Large gain amplification mechanism for piezoelectric actuators utilizing a rolling contact joint
Author(s)Torres, James, Ph. D. Massachusetts Institute of Technology.
Massachusetts Institute of Technology. Dept. of Mechanical Engineering.
H. Harry Asada.
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Due to the limited displacement of piezoelectric stack actuators, common practice is to use some form of displacement amplification mechanism. An efficient, heavy-duty displacement amplification mechanism for piezoelectric stack actuators is presented in this thesis. The displacement amplification gain is increased by a factor of more than 100 in a single stage by using a buckling mechanism combined with a novel rolling contact design. Unlike traditional flexure-type monolithic mechanisms, which are accurate but inefficient and fragile, the new mechanism consists of all rolling contact couples, providing high stiffness, durability and energy efficient characteristics. Furthermore, a new design of pre-loading mechanism using shape memory alloy doubles the possible cyclic work output and provides a desirable restoring force for constraining the rolling contact mechanism stably and efficiently. This mechanism is intended to be interfaced with a sinusoidal gear cam that acts as the load. The dynamics of the system are derived and are shown to be fifth order. Due to the significantly nonlinear amplification caused by the buckling phenomenon and the gear, the dynamics are run in simulation to gain insight into the dynamic performance of the actuator. There is shown to be an optimal speed at which to run the actuator to maximize the possible power output. Furthermore, due to the simple binary control significant benefits are achieved by varying the control timing based on the velocity to ensure the force and velocity of the output are in phase. Finally, a prototype was constructed to compare to the static model. The prototype had a peak to peak displacement of 6.8 mm, an amplification of over 150, and produced a peak charged force of 56 Newtons.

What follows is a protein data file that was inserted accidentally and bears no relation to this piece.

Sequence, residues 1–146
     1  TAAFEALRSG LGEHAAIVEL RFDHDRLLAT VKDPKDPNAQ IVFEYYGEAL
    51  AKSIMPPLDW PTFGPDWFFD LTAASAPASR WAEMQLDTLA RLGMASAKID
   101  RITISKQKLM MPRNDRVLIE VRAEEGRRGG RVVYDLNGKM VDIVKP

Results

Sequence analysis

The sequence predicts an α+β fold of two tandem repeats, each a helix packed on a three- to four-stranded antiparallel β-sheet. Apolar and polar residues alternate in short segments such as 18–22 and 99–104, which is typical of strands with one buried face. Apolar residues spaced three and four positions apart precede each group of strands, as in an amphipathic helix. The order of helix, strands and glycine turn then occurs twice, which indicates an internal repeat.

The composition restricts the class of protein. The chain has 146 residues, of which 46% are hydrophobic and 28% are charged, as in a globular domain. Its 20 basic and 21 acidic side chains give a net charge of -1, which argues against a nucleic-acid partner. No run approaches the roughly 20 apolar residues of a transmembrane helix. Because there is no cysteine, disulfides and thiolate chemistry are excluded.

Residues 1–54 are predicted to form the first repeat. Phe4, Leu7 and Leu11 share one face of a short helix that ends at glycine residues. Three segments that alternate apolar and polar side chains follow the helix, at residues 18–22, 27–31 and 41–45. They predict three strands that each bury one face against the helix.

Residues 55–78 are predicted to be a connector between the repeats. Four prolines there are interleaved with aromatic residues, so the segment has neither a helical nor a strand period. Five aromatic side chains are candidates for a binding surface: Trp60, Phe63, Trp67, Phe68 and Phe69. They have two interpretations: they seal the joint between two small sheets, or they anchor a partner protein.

Thesis (S.M.)--Massachusetts Institute of Technology, Dept. of Mechanical Engineering, 2012.Cataloged from PDF version of thesis.Includes bibliographical references (p. 55-56).
DepartmentMassachusetts Institute of Technology. Dept. of Mechanical Engineering.
Massachusetts Institute of Technology